CD40 (protein)

Available structures
PDBOrtholog search: PDBe RCSB
Aliases CD40, Bp50, CDW40, TNFRSF5, p50, CD40 (protein), CD40 molecule
External IDs MGI: 88336 HomoloGene: 954 GeneCards: CD40
Genetically Related Diseases
rheumatoid arthritis[1]
RNA expression pattern

More reference expression data
Species Human Mouse









RefSeq (mRNA)



RefSeq (protein)



Location (UCSC) Chr 20: 46.12 – 46.13 Mb Chr 2: 165.06 – 165.07 Mb
PubMed search [2] [3]
View/Edit HumanView/Edit Mouse

Cluster of differentiation 40, CD40 is a costimulatory protein found on antigen presenting cells and is required for their activation. The binding of CD154 (CD40L) on TH cells to CD40 activates antigen presenting cells and induces a variety of downstream effects.

Deficiency can cause Hyper-IgM syndrome type 3.


The protein receptor encoded by this gene is a member of the TNF-receptor superfamily. This receptor has been found to be essential in mediating a broad variety of immune and inflammatory responses including T cell-dependent immunoglobulin class switching, memory B cell development, and germinal center formation. AT-hook transcription factor AKNA is reported to coordinately regulate the expression of this receptor and its ligand, which may be important for homotypic cell interactions. The TNFR-receptor associated factor adaptor proteins TRAF1, TRAF2, TRAF6 and possibly TRAF5 interact with this receptor serve as mediators of the signal transduction. The interaction of this receptor and its ligand is found to be necessary for amyloid-beta-induced microglial activation, and thus is thought to be an early event in Alzheimer disease pathogenesis. Two alternatively spliced transcript variants of this gene encoding distinct isoforms have been reported.[4]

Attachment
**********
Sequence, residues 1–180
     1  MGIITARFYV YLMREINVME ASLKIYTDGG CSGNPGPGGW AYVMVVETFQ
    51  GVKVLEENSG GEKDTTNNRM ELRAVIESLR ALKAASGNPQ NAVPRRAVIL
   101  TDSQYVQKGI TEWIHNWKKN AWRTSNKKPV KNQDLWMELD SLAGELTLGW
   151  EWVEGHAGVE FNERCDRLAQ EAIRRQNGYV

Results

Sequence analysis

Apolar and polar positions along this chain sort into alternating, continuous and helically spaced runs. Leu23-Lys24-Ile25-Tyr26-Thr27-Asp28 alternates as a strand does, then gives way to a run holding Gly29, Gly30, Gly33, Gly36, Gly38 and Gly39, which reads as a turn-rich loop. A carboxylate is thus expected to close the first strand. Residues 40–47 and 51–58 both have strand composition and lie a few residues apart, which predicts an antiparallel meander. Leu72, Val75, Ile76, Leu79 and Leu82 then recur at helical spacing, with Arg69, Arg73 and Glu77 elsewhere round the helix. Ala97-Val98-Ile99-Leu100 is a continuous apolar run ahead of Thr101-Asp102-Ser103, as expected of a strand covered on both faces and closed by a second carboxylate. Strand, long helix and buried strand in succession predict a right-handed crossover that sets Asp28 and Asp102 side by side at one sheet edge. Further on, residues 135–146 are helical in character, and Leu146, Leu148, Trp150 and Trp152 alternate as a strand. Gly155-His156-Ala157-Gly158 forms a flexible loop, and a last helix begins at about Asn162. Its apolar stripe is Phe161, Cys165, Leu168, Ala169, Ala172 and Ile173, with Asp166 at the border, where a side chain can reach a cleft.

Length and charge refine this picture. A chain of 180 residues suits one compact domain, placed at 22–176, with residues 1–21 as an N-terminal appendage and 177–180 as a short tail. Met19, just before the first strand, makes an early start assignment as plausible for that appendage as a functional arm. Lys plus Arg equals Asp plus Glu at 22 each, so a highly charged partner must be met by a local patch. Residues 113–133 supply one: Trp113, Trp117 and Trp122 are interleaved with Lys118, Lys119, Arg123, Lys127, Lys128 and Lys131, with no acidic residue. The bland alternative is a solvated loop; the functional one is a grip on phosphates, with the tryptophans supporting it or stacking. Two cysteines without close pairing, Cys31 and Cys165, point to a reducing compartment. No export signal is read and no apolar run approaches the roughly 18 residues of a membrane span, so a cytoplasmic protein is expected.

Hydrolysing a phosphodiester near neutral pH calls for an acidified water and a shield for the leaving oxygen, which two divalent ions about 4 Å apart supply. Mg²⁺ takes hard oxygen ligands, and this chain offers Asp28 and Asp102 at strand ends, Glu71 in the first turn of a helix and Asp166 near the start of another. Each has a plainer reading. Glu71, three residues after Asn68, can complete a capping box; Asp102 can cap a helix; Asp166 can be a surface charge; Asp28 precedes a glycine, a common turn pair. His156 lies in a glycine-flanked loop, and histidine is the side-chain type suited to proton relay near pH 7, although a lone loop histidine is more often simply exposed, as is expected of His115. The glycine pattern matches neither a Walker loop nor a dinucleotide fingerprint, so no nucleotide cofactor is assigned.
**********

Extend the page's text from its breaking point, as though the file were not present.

Specific effects on cells

In the macrophage, the primary signal for activation is IFN-γ from Th1 type CD4 T cells. The secondary signal is CD40L (CD154) on the T cell which binds CD40 on the macrophage cell surface. As a result, the macrophage expresses more CD40 and TNF receptors on its surface which helps increase the level of activation. The increase in activation results in the induction of potent microbicidal substances in the macrophage, including reactive oxygen species and nitric oxide, leading to the destruction of ingested microbe.

The B cell can present antigens to helper T cells. If an activated T cell recognizes the peptide presented by the B cell, the CD40L on the T cell binds to the B cell's CD40 receptor, causing resting B cell activation. The T cell also produces IL-2, which directly influences B cells. As a result of this net stimulation, the B cell can undergo division, antibody isotype switching, and differentiation to plasma cells. The end-result is a B cell that is able to mass-produce specific antibodies against an antigenic target. Early evidence for these effects were that in CD40 or CD154 deficient mice, there is little class switching or germinal centre formation,[5] and immune responses are severely inhibited.